The hon. Gentleman, with his long experience in the House, will know that questions about what is considered at Cabinet Committees are never allowed in the House.

Mr. Skinner

When my right hon. Friend the Prime Minister sees Her Majesty later today, will he remind her——

Mr. Speaker

Order. Exactly the same convention applies with regard both to Cabinet meetings and to Audiences of Her Majesty. They are not subject to question in this House.

Mr. Skinner

As my right hon. Friend will be seeing Her Majesty this evening, will he consider the possibility of putting to her——

Mr. Speaker

Order. If the hon. Gentleman wants to ask a supplementary question, it must not be directed to an Audience of Her Majesty the Queen.

Mr. Skinner

Instead of going to the Palace, perhaps my right hon. Friend will do something much more useful, and take a trip down the corridor to the House of Lords——

Mr. Maxwell-Hyslop

And stay there.

Mr. Skinner

—and take account of the antics being performed by the Tory geriatrics in that place? Will he also take [column 709]note of the fact that the Leader of the Opposition is unable to keep her troops here late at night, and is using the other place in order to frustrate the will of a democratically-elected Government?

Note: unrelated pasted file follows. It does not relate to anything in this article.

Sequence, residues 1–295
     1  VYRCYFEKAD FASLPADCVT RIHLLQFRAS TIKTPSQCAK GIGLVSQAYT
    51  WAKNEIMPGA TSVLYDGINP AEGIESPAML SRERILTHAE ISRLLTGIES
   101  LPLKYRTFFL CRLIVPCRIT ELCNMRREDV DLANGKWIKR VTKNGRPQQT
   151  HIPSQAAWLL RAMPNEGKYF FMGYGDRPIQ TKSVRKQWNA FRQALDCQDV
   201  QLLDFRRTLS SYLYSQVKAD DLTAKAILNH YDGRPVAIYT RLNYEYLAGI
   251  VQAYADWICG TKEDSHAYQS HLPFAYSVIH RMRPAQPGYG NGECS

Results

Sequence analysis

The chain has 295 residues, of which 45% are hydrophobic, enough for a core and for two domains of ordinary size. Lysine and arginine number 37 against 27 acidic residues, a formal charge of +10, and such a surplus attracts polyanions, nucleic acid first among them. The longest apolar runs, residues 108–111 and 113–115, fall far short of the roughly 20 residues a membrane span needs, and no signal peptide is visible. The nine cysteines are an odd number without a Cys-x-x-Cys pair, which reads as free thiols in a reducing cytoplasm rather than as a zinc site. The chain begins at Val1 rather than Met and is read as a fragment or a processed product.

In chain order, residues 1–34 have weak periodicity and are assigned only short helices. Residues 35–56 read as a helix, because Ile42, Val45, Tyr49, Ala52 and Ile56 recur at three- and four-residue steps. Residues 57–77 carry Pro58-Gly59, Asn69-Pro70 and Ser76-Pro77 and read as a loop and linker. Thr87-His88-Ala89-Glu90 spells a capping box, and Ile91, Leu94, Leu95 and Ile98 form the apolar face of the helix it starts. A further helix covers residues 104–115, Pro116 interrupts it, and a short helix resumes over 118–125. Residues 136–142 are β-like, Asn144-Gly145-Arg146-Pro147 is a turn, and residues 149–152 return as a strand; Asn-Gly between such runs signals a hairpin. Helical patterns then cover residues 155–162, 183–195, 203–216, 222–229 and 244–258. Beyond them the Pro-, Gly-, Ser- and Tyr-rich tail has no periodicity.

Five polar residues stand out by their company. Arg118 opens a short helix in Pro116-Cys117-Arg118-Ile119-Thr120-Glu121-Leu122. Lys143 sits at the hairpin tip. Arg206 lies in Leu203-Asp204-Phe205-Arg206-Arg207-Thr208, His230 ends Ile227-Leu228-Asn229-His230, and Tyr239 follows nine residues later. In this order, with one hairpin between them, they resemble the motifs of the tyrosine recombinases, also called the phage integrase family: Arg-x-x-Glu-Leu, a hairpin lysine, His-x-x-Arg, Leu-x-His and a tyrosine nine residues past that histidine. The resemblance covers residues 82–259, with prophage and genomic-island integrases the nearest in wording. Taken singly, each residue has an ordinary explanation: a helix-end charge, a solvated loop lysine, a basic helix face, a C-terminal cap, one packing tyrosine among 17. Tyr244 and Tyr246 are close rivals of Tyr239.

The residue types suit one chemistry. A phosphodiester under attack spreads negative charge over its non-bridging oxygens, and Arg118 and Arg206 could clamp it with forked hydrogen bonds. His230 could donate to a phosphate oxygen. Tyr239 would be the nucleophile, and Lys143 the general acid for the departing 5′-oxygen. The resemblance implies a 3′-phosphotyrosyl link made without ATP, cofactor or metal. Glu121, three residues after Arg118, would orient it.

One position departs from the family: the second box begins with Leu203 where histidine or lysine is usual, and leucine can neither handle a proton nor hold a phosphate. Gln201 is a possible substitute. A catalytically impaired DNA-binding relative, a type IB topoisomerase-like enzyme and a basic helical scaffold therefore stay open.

The Prime Minister

Apart from the fact that I am answering Questions only about engagements that I have today, there is, in respect of the House of Lords and in respect of the attendance and other performances of Conservative Members, no ministerial responsibility, I am happy to say.

Mrs. Thatcher

Will Harold Wilsonthe Prime Minister today take action on the report of the Price Commission which is out today and which shows very graphically that price increases in the nationalised industries are far greater and are occurring far faster than in the private sector, and that this has nothing to do with the reduction of the deficit, which is slightly higher now that it was? Will he therefore take time to point out to the public what a bad bargain they are getting from the nationalised industries?

The Prime Minister

I am interested that the right hon. Lady, in her study of this matter—which does not arise out of my engagements today, but I shall do her the courtesy of replying to her question—has not drawn attention to the many other very interesting facts in the report. Perhaps, at subsequent Question Times, she will take the opportunity of doing so. It was, of course, the policy of her Government—a policy from which she has not yet so far dissociated herself, and which was announced on 17th December 1973 in peremptory terms by the then Chancellor, who is no longer with us—that the publicly-owned industries should set charges at a level to reflect expenses and costs. We are seeing that this is done, and the right hon. Lady is trying to make capital out of the fact that we are carrying out policies to which she was committed.